There is a sea of creative software out in the world, but all creative software is not created equal. It's imitating weeding through search results, forums, product reviews & blog posts trying to find the best program for a given project. So let's talk software.
Adobe has become the industry standard in a number of creative fields—especially design—but with their range of programs it still can be hard to determine which one is the best fit for a project. I use three programs in my process: Photoshop, Illustrator & InDesign. Each plays a different role & features a unique set of tools that best handles different parts of my process.*
Think About the End Product
Before jumping headlong into software, it's important to think about what it is that you want to create. Is the end piece going to be a printed, physical product or a digital only piece? Are you reproducing traditional artwork—painting, drawing, screen print, etc.—or creating something from scratch?
Thinking about these questions during concept development helps focus design choices & determine the best tool for the each project.
Adobe Photoshop: Image Editing Powerhouse
Adobe Photoshop is a powerful photo editing program that can seemingly do anything—like bringing dinosaurs back from the dead to chase innocent wedding parties.
Photoshop play a very basic role in my process. I use it to create high contrast versions of my scanned sketches so they’re easier to convert into digital graphics. Photoshop also a great tool for getting traditional artwork ready for print reproductions, as well as for creating digital only graphics. Photoshop also has an extensive brush collection that some artists love using for their original artwork.
“The Downside”: Photoshop uses pixels (tiny squares of color) to build images. So images need large dimensions and/or be scanned or photographed at a high resolution (300dpi or higher) to get a quality image for the desired size & format. Otherwise, a small, low resolution image will become a pixelated, splotchy mess when enlarged.
Adobe Illustrator: Master of Vector Graphics
Adobe Illustrator is at the core of my process as a hand letterer & illustrator. Illustrator is perfect for creating graphics from scratch or from sketches, using an array of different tools & features. Graphics created in Illustrator completely scalable so can shrink to thumbnail size or enlarge to fit a billboard.
While Photoshop creates images using pixels, Illustrator uses mathematical formulas or vectors—yes, math—to define the edges & shapes of graphics (aka vector graphics). Illustrator also, has a rich tool set to build & manipulate graphics for any style & level of detail.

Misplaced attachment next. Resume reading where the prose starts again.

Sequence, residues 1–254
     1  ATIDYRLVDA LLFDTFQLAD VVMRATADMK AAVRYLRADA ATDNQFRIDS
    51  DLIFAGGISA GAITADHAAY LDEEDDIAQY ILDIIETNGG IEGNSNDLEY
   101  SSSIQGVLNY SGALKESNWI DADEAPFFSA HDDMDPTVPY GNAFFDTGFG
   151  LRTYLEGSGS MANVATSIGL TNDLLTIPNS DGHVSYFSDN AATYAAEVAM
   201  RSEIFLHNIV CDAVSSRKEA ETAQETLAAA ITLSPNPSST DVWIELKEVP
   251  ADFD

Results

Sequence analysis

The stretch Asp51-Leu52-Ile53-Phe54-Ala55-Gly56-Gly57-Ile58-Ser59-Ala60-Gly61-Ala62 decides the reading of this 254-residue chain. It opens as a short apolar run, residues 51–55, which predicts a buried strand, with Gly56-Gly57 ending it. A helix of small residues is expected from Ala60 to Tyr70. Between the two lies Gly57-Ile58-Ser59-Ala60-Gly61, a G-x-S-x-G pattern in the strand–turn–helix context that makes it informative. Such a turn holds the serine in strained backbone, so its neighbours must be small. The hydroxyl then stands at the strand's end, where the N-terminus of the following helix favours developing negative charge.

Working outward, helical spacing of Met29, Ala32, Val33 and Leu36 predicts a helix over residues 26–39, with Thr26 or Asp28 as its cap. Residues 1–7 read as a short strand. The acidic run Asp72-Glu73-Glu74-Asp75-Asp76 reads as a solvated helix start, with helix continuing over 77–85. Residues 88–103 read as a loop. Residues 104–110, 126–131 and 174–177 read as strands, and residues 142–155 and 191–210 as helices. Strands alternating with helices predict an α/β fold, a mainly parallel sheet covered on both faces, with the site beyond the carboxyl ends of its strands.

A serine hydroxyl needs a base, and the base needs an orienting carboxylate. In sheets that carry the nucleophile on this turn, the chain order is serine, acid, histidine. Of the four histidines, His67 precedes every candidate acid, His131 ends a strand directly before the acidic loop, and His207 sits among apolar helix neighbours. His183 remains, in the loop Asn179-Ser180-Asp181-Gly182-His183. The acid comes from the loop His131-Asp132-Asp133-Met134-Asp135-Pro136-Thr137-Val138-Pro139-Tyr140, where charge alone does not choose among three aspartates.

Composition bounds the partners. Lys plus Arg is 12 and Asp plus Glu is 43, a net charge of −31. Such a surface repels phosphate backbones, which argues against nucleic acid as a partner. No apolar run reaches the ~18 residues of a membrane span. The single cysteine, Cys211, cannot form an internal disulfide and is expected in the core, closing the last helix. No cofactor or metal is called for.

“The Downside”: While Illustrator can create highly detailed, complex vector graphics, but it can't generate reproductions of traditional artwork. Converting traditional pieces in Illustrator smooths & simplifies the shapes & colors—or requires an inordinate amount of tinkering with different tools. Illustrator is also not great for typesetting, lacking robust alignment & type editing tools.
Adobe InDesign: Print Design Partner in Crime
Adobe InDesign is my go-to for any type graphic design project—print or digital. InDesign was designed to create type-based print layouts, featuring robust alignment, type setting & formatting tools that help create to amazing layouts.
Once I create my graphics & lettering in Illustrator, I use InDesign to set up my print files so all the parts of the final product are lined up & formatted properly. InDesign is also great for combining vector graphics with typeset copy so the two merge seamlessly & shine beautifully.
“The Downside”: InDesign has some features to create graphics, but none are as in depth as in Illustrator. InDesign can also add effects to images, such as drop shadows, but it doesn't have any have photo editing tools or features.
Go With What Works
At the end of the day, the best program is the one you feel most comfortable using. I love the rich features, amazing online resources & helpful support that come with using Adobe products, but they're also the programs I have been using for years.
Over time, I have developed a relationship with my programs—sometimes a love/hate relationship—that allows me to work the way that makes the most sense for me, but not everyone works the same way. Take time to learn about different software programs & experiment to find the best solution for your process.
Do you have a project in mind but don't know the where to start? What is your favorite software for your work? Let me know in the comments.
“Hand Lettering 101” is an ongoing series that discusses various topics on hand lettering, including the creative process and behind the scenes.
*Disclaimer: This is not a sponsored post. I genuinely love working with Adobe’s software & I feel that they have the best features & resources. However, there are several similar softwares on the market that may be a better fit with other creatives.